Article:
Both the aggregate schedules and investment schedules affect business inventories. Equilibrium of GDP occurs when aggregate expenditures (from the aggregate expenditures schedule) and real output are equal. On a graph, this is where consumption (C) + investment (I) intersects the 45 degree line. When GDP is greater than equilibrium, or intersects above the 45 degree line, then real output exceeds aggregate spending, which results in unintended investment in, or unplanned accumulation of, inventory which leads over time to a decline in output and a decline in GDP. When GDP is less than equilibrium, or intersects below the 45 degree line, then aggregate expenditures exceed output, which results in unintended declines in, or unplanned loss of, inventory which leads over time to an increase in output and a rise in GDP.
Changes in expected rate of return and interest shift the investment schedule left or right. This shift in investment schedule causes a correlated shift in the aggregate expenditures curve and alters the equilibrium level of real GDP. Real GDP is defined as GDP adjusted for that year's inflation, divided by the price index, and expressed as a decimal. The change in real GPD is always more than the precipitating change in the investment schedule. This is known as the multiplier effect. The multiplier effect applies to investments and accompanies both increases and decreases in aggregate expenditures. The multiplier effect also applies to changes in net exports and government expenditures.
The multiplier relevant to the multiplier effect is equal to the reciprocal of the marginal propensity to save (MPS). Therefore, as the MPS increases (gains), the multiplier decreases (lessens). Thus the effect of the multiplier on real GDP correlates inversely to MPS. In addition, as the the marginal propensity to consume (MPC) increases, the multiplier also increases: the effect of the multiplier on real GDP thus correlates directly to MPC.
The net export schedule relates net exports to GDP. In this relationship, positive net exports increase aggregate expenditures and raise equilibrium real GDP by a multiple of net exports. On the other hand, negative net exports decrease aggregate expenditures and decrease equilibrium real GDP, also by a multiple of net exports. Therefore, increases in exports have an expansionary effect on real GDP, which is also true for a decrease in imports. Conversely, decreases in exports have a contractionary effect on real GDP, which is also true for an increase in imports.
Government purchases have the effect of shifting the aggregate expenditures schedule upwards and of raising GDP, which is why government spending contributes to expanding the economy. On the other hand, taxation shifts the aggregate expenditures schedule downward and lowers GDP. This is because taxation reduces disposable income, lowers savings, and lowers consumption; thus, equilibrium GDP is reduced.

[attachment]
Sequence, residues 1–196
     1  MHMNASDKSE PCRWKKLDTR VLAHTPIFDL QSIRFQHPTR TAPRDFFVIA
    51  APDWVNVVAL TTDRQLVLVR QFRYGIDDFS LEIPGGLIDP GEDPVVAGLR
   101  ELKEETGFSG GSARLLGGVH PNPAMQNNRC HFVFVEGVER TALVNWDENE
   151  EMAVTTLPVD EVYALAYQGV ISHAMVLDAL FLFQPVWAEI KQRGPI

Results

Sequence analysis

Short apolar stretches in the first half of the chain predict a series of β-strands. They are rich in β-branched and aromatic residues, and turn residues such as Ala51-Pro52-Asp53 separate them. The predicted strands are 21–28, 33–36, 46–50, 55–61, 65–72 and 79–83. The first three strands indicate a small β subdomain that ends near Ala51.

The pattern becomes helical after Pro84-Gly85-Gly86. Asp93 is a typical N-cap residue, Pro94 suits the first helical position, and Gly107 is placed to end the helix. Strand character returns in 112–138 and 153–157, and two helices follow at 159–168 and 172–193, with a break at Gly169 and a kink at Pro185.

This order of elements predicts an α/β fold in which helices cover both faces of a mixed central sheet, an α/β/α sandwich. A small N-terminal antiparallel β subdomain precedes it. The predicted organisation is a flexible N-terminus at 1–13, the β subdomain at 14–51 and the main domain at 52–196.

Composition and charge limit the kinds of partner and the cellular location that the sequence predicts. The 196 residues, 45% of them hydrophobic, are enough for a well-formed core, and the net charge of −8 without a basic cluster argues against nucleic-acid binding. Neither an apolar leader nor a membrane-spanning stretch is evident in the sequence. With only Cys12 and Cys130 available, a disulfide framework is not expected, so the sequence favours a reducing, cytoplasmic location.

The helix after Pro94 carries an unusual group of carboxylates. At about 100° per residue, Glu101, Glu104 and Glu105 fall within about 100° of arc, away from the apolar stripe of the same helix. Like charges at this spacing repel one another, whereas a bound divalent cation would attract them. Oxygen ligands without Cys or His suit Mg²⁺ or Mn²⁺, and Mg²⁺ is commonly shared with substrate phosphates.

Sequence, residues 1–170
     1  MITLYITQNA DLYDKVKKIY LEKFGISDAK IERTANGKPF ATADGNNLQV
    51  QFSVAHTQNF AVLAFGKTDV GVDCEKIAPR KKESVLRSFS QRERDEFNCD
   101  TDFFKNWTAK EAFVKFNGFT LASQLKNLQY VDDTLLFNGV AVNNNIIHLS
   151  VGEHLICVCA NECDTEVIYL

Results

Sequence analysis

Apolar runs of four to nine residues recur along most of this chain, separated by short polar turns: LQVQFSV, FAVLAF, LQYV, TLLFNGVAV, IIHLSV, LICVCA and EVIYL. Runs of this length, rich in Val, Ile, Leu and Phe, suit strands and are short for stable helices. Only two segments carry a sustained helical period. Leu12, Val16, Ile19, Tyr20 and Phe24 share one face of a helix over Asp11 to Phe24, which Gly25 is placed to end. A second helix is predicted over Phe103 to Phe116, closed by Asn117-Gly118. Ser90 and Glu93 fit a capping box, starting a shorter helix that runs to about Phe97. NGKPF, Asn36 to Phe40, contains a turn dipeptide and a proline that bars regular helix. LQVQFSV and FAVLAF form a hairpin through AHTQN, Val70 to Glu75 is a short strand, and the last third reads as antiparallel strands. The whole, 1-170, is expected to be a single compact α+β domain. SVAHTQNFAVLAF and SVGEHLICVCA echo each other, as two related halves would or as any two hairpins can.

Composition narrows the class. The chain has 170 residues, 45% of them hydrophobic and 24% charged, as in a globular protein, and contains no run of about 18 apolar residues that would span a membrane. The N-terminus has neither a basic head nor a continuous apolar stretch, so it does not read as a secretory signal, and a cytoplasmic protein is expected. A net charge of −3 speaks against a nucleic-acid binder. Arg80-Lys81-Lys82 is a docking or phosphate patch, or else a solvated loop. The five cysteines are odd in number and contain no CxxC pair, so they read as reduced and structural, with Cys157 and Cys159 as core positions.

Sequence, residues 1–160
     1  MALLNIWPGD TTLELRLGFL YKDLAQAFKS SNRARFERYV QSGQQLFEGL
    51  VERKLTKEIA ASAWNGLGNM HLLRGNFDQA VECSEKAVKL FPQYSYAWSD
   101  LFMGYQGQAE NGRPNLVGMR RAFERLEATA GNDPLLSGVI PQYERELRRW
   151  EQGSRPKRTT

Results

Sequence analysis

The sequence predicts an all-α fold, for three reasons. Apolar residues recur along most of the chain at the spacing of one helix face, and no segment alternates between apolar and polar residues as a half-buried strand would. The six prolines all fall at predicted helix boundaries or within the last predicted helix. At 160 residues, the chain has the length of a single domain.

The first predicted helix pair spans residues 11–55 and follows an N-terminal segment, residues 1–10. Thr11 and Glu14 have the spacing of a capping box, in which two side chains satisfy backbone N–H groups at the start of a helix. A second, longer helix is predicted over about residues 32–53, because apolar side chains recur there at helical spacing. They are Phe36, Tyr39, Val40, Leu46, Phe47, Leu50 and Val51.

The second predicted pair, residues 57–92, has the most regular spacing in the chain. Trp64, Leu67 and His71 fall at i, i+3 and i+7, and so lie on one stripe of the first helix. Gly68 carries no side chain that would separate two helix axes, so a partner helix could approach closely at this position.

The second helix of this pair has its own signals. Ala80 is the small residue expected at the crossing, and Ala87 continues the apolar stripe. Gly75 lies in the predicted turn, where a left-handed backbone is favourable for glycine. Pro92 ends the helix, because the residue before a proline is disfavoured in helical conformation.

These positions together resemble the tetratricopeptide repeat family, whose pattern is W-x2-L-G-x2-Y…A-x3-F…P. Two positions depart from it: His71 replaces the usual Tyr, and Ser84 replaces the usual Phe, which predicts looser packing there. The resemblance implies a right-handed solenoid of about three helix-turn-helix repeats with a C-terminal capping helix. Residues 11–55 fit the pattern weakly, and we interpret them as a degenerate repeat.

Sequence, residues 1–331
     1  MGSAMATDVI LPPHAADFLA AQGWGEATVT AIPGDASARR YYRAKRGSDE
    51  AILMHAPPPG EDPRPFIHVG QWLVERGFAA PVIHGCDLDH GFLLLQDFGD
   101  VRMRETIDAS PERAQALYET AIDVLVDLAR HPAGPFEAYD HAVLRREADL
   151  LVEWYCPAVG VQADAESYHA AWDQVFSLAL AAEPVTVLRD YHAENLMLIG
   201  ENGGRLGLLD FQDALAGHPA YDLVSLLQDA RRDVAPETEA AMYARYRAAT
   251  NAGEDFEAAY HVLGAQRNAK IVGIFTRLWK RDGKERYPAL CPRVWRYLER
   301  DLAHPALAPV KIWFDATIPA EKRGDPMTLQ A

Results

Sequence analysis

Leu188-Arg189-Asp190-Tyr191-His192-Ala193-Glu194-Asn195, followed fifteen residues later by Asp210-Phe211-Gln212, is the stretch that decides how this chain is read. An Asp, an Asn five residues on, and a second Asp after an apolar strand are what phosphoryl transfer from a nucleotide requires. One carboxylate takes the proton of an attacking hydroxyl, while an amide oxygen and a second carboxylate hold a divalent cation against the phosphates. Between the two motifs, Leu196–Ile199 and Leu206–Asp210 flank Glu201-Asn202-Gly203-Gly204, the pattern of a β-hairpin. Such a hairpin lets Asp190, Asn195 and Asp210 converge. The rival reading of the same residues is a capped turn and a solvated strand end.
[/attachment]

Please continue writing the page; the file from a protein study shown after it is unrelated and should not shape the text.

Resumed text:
The aggregate demand–aggregate supply model (AD-AS) is a variable price model. It enables economists to analyze simultaneous changes of real GPD and the price level. The aggregate price curve in the AD-AS shows each possible price level and it shows the level of product output that the economy will purchase at each of the price levels.
The corresponding aggregate demand curve, which relates price level to product output purchase quantity level, is a downsloping curve. The factors that make it a downsloping curve are the real-balances effect, the interest-rate effect, and the foreign purchases effect.
The real-balances effect indicates that inflation reduces the real value of financial assets held by households. The resultant reduction in purchasing power causes cutbacks in consumer spending. The interest-rate effect means that a higher price level in the general market place increases the demand for money and thus interest rates are increased in response, which leads to a reduction in investment purchases. The foreign purchase effect means that as a foreign country's price level increases in comparison to other countries', the net export component of its aggregate demand relative to the demand from other countries is reduced, thus curtailing the level of outgoing exports.
The aggregate supply curve, which relates price level to businesses' real product output production levels, is a variable curve, the shape of which depends upon per-unit production costs. The aggregate supply curve regulates how much the firm must receive to cover costs and make a profit.
Relevant to the aggregate supply curve, a horizontal curve indicates substantial unemployment that results in increased production without increased prices. A curve in the intermediate range indicates inefficient equipment and less unemployment. These intermediate range factors together create a production bottleneck resulting in increased prices to cover costs as real product is expanded. A curve in the vertical range indicates employment is at full capacity and real output has reached a maximum and cannot be increased. This means prices will rise in a response to rising demand resulting from full employment.